Bangladesh Prime Minister Sheikh Hasina turned 76 on September 28 to become the oldest and also the longest-serving woman leader in the world, largely credited for turning around her country, once left bloodied and devastated by Pakistan occupational forces. She has been Bangladesh Prime Minister since Jan 2009 and if one were to add her 1996-2001 tenure, she has overtaken Germany's former Chancellor Angela Merkel for her time in the top job.
No top leader in Bangladesh has served this long at the top since the birth of South Asia's youngest nation in 1971 following a bitter and bloody civil war in Pakistan that left nearly three million dead in eight months.
The war left Bangladesh in shambles but her father Sheikh Mujibur Rahman took over the charge in 1972 to rebuild the nation, a daunting task surely but left unfinished. In 1975 a bloody military coup left the country's founder Mujibur Rahman dead with almost his entire family. Only his two daughters, Sheikh Hasina and Sheikh Rehana survived because they were away in Europe.
Many detractors argued Bangladesh, as it hurtled from one disaster to another, was not a 'sustainable country'. Mujib's death sealed the fate of democracy as two successive military dictators-- Generals Ziaur Rahman and H.M Ershad--launched Bangladesh back on the road to Pakistan-type military-sponsored theocracy by legitimising Islamist parties and declaring Islam as the state religion, undoing secularism as a basic precept enshrined in Bangladesh's 1972 Constitution. No wonder, American author Lawrence Lifschultz sub-titled his book on Bangladesh as the "Unfinished Revolution."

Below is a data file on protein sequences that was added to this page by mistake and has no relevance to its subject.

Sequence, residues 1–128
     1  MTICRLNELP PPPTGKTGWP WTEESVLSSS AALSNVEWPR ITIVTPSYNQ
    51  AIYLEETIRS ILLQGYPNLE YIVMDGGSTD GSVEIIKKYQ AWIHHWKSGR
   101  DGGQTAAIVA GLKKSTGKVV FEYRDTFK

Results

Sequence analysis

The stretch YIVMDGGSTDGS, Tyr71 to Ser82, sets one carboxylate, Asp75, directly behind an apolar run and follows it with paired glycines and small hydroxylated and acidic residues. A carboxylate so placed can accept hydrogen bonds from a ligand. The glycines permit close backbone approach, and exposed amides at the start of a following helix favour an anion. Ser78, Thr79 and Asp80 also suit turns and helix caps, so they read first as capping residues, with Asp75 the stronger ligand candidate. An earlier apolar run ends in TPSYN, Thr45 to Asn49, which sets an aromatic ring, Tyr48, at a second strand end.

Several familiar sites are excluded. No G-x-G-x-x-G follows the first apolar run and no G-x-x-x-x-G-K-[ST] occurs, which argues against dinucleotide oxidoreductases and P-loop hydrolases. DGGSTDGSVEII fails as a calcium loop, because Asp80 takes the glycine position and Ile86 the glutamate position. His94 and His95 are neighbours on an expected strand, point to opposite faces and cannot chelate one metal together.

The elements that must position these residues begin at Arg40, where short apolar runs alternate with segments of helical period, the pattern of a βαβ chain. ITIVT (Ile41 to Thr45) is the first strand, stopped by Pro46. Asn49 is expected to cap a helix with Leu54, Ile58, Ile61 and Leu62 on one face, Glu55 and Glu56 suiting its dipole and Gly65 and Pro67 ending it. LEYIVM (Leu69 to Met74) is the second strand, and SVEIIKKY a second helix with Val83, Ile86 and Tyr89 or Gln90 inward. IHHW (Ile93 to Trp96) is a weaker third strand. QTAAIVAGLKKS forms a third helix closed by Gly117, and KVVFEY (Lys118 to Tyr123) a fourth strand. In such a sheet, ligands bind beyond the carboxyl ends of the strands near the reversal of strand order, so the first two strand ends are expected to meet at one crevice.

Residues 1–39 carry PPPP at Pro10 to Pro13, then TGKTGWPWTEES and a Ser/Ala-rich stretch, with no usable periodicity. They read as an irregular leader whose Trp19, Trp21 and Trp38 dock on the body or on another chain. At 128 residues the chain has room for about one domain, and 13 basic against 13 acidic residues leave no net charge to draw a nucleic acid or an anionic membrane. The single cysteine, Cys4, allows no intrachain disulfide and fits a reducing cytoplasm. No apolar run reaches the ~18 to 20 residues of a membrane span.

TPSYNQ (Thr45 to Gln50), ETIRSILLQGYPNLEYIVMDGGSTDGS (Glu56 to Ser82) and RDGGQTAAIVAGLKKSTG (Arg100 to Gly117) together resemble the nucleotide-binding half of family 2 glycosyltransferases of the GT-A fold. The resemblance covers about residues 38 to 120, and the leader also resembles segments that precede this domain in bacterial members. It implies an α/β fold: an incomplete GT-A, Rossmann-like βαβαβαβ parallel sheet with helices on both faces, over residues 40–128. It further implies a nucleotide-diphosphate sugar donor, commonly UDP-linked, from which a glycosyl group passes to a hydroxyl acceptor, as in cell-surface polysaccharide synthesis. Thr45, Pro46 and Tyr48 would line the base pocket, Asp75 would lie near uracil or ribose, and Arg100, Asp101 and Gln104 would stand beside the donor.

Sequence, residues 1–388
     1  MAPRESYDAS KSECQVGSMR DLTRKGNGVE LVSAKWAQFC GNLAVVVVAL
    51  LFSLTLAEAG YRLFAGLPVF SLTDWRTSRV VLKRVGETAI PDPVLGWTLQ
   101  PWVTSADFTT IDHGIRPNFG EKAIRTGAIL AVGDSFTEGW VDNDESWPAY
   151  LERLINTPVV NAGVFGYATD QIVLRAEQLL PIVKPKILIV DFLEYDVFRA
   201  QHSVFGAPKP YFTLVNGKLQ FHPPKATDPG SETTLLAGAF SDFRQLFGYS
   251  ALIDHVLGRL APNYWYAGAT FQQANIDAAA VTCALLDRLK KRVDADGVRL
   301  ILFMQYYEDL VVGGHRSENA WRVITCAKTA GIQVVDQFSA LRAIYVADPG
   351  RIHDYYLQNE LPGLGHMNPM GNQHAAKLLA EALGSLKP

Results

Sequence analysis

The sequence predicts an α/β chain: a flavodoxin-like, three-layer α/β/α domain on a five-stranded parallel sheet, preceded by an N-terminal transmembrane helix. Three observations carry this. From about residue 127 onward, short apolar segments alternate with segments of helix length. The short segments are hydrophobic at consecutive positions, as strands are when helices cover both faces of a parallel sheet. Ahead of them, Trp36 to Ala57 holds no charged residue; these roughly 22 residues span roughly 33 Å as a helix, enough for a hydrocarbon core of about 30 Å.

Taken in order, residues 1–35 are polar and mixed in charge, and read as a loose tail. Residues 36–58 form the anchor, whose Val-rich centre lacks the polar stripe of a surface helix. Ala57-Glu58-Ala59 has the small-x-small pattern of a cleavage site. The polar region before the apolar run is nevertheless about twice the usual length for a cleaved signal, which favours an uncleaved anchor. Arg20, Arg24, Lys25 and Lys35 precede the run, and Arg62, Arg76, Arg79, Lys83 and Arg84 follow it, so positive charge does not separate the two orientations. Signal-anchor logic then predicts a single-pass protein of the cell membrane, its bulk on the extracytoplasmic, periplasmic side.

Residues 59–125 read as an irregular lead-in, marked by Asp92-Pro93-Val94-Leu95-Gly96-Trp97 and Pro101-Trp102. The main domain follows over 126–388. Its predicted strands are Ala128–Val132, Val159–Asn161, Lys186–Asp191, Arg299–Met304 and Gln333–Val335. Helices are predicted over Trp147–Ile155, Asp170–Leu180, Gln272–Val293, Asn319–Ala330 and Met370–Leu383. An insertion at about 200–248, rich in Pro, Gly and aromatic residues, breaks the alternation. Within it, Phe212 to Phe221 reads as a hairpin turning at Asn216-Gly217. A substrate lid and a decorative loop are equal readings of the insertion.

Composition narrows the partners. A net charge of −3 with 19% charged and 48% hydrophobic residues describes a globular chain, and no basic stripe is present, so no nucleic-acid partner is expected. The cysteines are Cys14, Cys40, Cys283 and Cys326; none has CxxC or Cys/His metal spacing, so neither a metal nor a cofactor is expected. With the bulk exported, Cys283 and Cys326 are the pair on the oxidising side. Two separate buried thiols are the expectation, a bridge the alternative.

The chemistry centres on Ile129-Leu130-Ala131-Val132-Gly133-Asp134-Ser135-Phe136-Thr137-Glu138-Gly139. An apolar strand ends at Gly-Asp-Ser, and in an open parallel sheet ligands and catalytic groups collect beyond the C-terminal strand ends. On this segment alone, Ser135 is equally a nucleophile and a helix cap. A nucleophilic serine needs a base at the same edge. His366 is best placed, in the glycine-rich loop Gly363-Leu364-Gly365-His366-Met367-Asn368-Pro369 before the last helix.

A fierce nationwide street agitation brought down the military dictatorship of Gen Ershad in 1991, after which Mujib's Awami League, now helmed by daughter Sheikh Hasina, and Ziaur Rahman's Bangladesh Nationalist Party (BNP), led by his widow Khaleda Zia, took turns to head the government every five years.
That changed in the last decade when the Awami League, under Hasina's leadership, managed to win three successive elections. For Hasina, who as Opposition leader had survived a grenade attack in Aug 2004 and served time in prison during the military-backed caretaker government (2007-08), this has been an unbelievable dream run.
Not only has Bangladesh witnessed an amazing economic turnaround during Hasina's long time in power with its per capita income soaring past giant neighbor India and its human development indicators leaving other South Asian nations behind, but Hasina has also been able to successfully control a spurt in Islamist radicalism that had began to look dangerous during her predecessor Khaleda's 2001-06 tenure.
"Just when it looked Bangladesh was headed the Pakistan way and Islamist terrorism was looking dangerous, Hasina controlled it ruthlessly. Relative social peace has helped Bangladesh's success in no small measure, "says Sukharanjan Dasgupta, author of Midnight Massacre on the 1975 Bangladesh coup.
Hasina's achievements are manifold -- a phenomenal growth of development infrastructures like new ports, roads, and bridges, a new wave of gender empowerment unique in any Muslim-dominated country, a sustained growth in all economic indices like the GDP, exports, and manufacturing, controlling the Islamist terror groups after some deadly attacks and also attacks against the country’s Hindu and Buddhist minorities.